The Rio Olympics – what legacy for girls?
As I sit here pondering how to welcome a Paralympic champion back into school and how to celebrate her phenomenal achievements, I start to wonder what will be the legacy from her performances and those of all the other exceptionally talented individuals at both the Olympics and Paralympics.
There is no doubt that Ellie Robinson has surpassed all expectations – including her own – by winning a Gold and a Bronze medal in Rio in the S6 swimming classification. But what do her achievements mean to everyone else? Yes, the whole school has been behind her, yes we are exceptionally proud of her, yes we love her ‘gangster poolside entry’. But what will the legacy be?
Perhaps she will inspire others to strive to achieve their goals and feel that they can achieve against the odds. Perhaps she will encourage younger pupils to develop their swimming by swimming in the same pool that she has. Perhaps her success will remind people of avenues that sport can open up or the risks that we have to take in order to achieve at the highest level in any field.
Alongside this kind of success, we must consider how we can inspire the young women of our generation to take part in sport and exercise for the obvious health benefits. It is a worrying statistic that a third of girls aged between 8 and 16 think that vigorous exercise is socially unacceptable.
Sport has been all over social media for the summer of 2016. Can the success from Rio highlight how sport can help in all aspects of life? It was a wonderful example of how, if you work hard, develop as a team and take risks, anything is possible. In fact, the gold medal for the GB hockey team was a major Olympic highlight simply because this is one the major sport played by all girls at school.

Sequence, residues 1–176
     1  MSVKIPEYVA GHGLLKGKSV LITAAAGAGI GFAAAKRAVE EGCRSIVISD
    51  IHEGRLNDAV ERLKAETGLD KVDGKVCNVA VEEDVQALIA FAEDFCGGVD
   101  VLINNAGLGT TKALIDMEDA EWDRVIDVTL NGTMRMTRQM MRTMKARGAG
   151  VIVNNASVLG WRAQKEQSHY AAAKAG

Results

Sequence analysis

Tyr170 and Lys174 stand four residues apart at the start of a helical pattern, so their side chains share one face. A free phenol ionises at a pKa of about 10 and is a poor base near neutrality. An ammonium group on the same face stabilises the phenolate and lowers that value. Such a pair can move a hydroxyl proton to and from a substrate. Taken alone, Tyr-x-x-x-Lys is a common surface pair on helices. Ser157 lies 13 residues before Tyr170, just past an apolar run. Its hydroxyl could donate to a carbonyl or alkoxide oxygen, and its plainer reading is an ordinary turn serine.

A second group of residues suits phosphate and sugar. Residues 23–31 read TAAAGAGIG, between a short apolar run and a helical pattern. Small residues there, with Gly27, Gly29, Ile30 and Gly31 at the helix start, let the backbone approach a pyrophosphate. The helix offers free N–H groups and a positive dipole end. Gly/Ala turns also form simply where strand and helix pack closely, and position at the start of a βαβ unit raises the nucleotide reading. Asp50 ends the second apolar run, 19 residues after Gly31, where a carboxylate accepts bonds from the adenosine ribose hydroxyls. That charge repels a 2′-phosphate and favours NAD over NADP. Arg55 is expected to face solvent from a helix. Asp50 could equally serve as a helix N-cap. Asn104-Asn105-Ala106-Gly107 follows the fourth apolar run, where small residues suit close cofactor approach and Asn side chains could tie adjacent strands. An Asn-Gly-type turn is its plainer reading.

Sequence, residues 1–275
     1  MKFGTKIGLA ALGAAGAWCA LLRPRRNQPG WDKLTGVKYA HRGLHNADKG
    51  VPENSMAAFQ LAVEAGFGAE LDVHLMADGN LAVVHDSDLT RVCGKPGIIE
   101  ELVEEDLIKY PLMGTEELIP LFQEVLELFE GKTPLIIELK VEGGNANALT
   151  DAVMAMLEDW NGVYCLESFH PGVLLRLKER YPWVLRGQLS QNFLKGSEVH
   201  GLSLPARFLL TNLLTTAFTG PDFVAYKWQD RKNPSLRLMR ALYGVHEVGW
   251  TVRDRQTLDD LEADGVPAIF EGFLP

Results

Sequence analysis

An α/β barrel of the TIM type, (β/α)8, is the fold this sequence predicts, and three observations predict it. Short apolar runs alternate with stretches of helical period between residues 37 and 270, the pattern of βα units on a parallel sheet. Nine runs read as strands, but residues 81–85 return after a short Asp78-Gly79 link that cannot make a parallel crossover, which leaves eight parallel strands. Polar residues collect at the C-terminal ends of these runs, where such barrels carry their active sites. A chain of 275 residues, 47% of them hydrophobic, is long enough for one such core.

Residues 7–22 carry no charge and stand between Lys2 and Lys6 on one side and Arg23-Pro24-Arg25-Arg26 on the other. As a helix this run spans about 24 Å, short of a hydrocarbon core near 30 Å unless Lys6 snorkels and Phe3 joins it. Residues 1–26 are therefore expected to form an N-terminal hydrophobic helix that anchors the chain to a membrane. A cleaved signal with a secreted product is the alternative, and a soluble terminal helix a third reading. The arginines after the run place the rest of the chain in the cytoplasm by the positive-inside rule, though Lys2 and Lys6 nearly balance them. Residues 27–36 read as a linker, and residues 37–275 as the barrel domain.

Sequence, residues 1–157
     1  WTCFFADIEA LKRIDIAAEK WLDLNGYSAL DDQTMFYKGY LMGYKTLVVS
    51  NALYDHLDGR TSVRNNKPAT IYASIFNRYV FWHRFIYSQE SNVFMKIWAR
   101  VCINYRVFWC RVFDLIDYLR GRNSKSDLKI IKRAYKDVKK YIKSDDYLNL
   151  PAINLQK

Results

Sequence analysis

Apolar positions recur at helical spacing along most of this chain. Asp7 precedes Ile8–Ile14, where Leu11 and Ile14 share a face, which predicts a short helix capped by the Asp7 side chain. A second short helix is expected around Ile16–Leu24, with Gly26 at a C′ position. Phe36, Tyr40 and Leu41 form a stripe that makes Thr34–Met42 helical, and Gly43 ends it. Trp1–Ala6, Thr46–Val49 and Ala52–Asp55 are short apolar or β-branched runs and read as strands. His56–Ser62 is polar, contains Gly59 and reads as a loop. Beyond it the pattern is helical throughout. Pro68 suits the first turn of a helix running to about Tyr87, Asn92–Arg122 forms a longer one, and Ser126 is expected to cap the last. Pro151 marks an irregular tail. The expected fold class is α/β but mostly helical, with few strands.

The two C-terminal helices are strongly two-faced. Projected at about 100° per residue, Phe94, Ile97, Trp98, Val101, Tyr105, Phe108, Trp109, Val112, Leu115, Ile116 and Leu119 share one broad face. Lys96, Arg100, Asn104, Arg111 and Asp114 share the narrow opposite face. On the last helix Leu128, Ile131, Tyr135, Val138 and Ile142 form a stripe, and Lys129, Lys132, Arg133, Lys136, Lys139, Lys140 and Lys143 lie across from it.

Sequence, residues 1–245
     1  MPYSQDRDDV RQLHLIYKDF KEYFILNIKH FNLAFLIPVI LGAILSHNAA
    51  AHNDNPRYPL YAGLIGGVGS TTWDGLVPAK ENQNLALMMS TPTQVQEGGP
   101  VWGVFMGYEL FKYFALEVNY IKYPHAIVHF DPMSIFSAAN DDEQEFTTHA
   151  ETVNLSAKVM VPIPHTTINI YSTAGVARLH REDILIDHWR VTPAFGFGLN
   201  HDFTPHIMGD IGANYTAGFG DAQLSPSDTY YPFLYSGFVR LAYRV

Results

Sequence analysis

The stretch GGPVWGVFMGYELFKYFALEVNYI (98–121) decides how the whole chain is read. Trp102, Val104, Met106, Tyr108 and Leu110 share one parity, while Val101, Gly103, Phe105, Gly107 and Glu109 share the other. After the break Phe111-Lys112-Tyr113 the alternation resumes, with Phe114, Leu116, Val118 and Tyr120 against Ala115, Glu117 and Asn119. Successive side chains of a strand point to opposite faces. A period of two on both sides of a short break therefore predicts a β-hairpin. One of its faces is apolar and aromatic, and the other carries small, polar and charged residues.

The GB hockey team’s victory showed that self-belief goes a long way. Sam Quek is reported to have said the following before the women’s hockey final:
“That gold is ours. We know we can take this all the way, if it’s between heart, skill and passion, then I don’t think we can be beaten.
“Ever since we landed in Rio, I’ve known this was going to be something special. We’ve put everything into training, we’ve left nothing to chance, we’re an incredible unit and that will be enough. We will win gold.”
The Olympics is a chance for women’s and men’s sport to be on a level playing field. However, out of the 69 medals won by team GB at the Rio Olympics, only 24 – 35% – were won by women. Why is this? Sport for a number of girls is still not ‘cool’ and, in a society where social medial is the way forward, we need to consider how to motivate young sports women of the future. Laura Trott has said that she got into cycling because her mum used to cycle to lose weight and she went with her. Is image the main driving factor for women in sport?
Jessica Ennis-Hill, Eleanor Simmonds, Laura Trott – all big names who have had a positive impact on women’s sport, demonstrating what women can achieve. They are all ordinary people who have pushed themselves and strived to achieve a goal that at times would have seemed impossible. But they didn’t give up. Is this not the biggest message for people to take from the Olympics and possibly even more from the Paralympics? Nothing comes easily and everyone, in order to achieve in any field, must be prepared to take a risk and fail. In order to win you have to be prepared to lose, and winning takes many guises.
This is the legacy from the summer of 2016. We are as proud of Ellie Robinson for her 4th place swim as we are for her gold medal swim. Maybe we should all be more like Ellie and take every opportunity that is in front of us and make the most of it irrespective of publicity, social media, peer group pressure and so on. Let’s be like Ellie, and go for it!
Jo Hackett is Director of Sport at Northampton High School GDST